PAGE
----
Useless JCA Provisions Should Be Spruced Up

by Annette Burns on May 12, 2012

Parenting Plans in Maricopa County, Arizona, need sprucing up in general.   Many attorneys are like me:  We have a form or forms that are used in almost all cases, with sometimes minimal customization for a given case.  Many clients ask that their parenting plan have the “usual” clauses in them, and when they don’t want to make decisions, they simply ask for the default Plan.   “What’s a ‘normal’ way to treat Winter Break?”

It’s often difficult at the divorce stage to know what customization is needed for a particular family, as the dynamics during the case change once the case is resolved and a Decree is entered.   We are all  painfully aware of those high-conflict cases where it’s difficult to get any JCA/ Parenting Plan at all finalized. By the time numerous drafts have been exchanged and dozens of letters and emails delivered with proposed language,  attorneys and clients sometimes agree (in a state of utter exhaustion) to use language in the Plan that is vague, general, aspirational, and of little use when a real conflict arises.  Which it will inevitably do.

Here are some sorry clauses that I found in very general JCA/ Parenting Plans that we still see in use:

  • Telephone and e-mail contact between the children and the parents will always be reasonably open and available.     If the parents agree on what is “reasonable”, this section is not a problem.    Those parents never seem to come into my office.
  • The parents will consult with each other regarding all medical treatment of a non-emergency nature for the children.     Any idea what this means?  Is “consultation” before making a well-child appointment, or arrangements for a sports-required physical really necessary?  Is the presence of both parents (and often stepparents) really necessary at these types of appointments?
  • The parent with whom the children are residing will take responsibility for meeting medical and dental emergencies.  It is understood that some decisions must be made on an emergency basis and, in such event, each parent acknowledges the other parent’s authority to make decisions to ensure the children’s welfare.    That’s a very nice acknowledgment and statement, and it’s good to know that the children will get emergency attention when necessary. But where are the provisions about notification to the other parent in the event of an emergency?
  • If either parent has any knowledge of any significant illness or accident or circumstance affecting the children’s health or general welfare, that parent will promptly notify the other of such circumstances.    Again, this statement works great if the parents can agree to what’s “significant”, what affects a child’s “health or general welfare”, and what “promptly” means.
  • The parents shall promptly inform one another of any emergency or other important event that involves the children.   “Promptly” and “important event” are generally in the eye of the beholder.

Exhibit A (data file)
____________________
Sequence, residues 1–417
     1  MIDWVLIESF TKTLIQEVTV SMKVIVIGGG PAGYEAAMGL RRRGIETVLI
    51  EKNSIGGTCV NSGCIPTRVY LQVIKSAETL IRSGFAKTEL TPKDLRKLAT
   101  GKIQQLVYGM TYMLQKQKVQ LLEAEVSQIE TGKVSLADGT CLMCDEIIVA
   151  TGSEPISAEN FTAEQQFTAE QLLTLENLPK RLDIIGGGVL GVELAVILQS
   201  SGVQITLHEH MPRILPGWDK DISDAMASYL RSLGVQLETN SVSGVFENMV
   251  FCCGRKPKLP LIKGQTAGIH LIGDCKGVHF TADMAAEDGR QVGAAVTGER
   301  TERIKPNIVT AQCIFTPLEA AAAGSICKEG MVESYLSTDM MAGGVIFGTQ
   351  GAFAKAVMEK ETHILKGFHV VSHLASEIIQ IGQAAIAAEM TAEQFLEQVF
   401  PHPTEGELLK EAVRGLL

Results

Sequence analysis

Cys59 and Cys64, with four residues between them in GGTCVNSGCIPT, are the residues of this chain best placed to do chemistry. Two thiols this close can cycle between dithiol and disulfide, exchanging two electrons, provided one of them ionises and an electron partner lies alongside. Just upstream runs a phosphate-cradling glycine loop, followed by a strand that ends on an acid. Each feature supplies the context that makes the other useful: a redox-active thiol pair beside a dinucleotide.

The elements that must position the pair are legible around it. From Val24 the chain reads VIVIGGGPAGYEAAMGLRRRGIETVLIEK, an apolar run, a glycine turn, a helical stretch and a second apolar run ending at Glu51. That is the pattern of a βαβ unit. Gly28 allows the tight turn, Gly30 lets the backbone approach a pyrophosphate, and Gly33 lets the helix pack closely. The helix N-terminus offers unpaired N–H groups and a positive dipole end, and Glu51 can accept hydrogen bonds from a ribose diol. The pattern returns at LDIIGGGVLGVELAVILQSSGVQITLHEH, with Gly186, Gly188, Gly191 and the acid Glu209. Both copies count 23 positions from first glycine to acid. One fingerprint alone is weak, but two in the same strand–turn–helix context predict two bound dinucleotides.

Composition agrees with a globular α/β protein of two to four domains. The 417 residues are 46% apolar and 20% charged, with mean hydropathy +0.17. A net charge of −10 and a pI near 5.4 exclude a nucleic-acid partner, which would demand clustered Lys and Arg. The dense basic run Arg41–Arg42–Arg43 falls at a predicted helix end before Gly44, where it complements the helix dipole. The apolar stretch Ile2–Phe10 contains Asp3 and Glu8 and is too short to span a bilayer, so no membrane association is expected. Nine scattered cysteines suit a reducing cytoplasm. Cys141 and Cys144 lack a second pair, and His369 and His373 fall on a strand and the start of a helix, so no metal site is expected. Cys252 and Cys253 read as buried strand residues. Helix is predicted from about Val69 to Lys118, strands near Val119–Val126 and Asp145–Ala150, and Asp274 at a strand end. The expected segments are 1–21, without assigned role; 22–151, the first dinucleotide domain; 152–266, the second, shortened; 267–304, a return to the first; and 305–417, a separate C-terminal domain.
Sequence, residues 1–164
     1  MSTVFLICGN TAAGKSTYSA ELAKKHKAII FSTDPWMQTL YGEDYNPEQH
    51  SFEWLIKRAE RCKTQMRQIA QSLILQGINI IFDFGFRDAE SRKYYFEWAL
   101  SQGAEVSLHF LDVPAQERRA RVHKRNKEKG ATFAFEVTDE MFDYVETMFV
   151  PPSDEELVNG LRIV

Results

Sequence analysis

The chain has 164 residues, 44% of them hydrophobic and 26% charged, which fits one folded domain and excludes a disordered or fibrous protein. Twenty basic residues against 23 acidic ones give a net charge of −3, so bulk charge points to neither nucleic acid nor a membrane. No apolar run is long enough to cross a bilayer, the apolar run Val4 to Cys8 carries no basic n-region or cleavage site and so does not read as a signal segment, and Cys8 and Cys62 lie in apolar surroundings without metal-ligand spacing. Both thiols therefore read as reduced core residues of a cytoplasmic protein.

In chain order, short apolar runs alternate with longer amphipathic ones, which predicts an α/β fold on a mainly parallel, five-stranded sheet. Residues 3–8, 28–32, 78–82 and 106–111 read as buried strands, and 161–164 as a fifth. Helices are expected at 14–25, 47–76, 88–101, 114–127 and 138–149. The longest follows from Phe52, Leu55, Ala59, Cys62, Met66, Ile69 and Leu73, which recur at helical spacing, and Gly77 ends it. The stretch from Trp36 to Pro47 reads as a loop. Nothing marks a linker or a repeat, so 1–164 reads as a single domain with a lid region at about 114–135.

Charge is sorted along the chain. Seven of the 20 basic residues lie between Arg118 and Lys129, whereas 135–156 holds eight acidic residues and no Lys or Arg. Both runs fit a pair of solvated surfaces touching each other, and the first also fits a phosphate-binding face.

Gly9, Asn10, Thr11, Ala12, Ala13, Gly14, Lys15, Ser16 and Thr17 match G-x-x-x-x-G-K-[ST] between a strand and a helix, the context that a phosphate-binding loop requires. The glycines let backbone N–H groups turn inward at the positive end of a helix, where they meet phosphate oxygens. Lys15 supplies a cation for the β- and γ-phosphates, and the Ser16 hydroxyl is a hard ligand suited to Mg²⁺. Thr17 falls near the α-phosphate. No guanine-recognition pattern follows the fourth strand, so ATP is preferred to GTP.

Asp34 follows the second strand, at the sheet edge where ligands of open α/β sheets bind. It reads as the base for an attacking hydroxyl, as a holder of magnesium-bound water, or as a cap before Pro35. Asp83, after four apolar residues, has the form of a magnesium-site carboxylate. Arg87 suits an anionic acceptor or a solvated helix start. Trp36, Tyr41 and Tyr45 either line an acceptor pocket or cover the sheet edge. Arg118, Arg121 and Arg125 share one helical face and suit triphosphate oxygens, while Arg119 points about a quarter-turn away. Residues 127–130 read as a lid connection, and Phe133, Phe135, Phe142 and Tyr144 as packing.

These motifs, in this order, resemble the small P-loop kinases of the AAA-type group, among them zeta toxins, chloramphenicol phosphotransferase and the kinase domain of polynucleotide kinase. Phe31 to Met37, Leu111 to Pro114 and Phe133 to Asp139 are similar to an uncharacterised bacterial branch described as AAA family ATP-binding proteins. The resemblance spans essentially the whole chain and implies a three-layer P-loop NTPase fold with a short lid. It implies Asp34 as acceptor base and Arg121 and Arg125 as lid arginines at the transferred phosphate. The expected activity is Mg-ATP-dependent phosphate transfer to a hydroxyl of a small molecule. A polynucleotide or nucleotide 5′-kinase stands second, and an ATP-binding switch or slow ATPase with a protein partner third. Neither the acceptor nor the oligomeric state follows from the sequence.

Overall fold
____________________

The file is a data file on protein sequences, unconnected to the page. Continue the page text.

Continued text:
• Each parent shall inform the other parent of any change in his/her address or telephone number within seven (7) days of the change   Really?  So the other parent should happily allow the children to go somewhere for parenting time for up to a week without knowing where the children are sleeping at night?  That doesn’t seem reasonable.  Why would a parent get less notice of the change of address than the electric company gets?
  • Should the needs of the children change, or should a parent’s ability to meet those needs change, the parents will confer and seek resolution of any concerns.   This sentiment is nice, but really doesn’t add much guidance for high-conflict parents.  What is a “change” of the children’s needs (and the parents generally don’t agree on that)?  What does “confer and seek resolution” mean in a practical sense?
  • If, through unforeseeable circumstances, either parent is unable to follow through with time-sharing arrangements as set forth herein, that parent will notify the other as soon as is reasonably possible.   This statement leaves all kinds of room for disagreement:   the circumstances weren’t unforeseeable—he’s been traveling for work for years!   And what does “notification” to the other parent mean—that the other parent is required to cancel whatever s/he has going on to take care of the children?   It just doesn’t say.
  •  Each parent will exert his or her best effort to work cooperatively in future plans consistent with the best interest of the children and to amicably resolve any disputes as may arise.   This statement seems completely useless.  If parents are going to do these things, they don’t need it stated in a contract (Plan).   If they’re not going to use “best efforts or work cooperatively”, then including this statement isn’t going to make it happen.   It’s unenforceable.    Aspirational statements like this may be okay for most separating parents, but for the ones who are headed for a high-conflict situation, it’s meaningless.

 

I’m going to do my best to keep meaningless and vague provisions out of my future Joint Custody Agreements, and to stop kidding myself that these Sections help parents navigate co-parenting.  Attorneys with years of experience in family disputes can do a much better job writing JCAs that will actually offer parents guidance in what to do in specific situations.  And if you’re an attorney who has updated your JCAs to do away with these vague provisions in favor of useful information for the parents, bravo.

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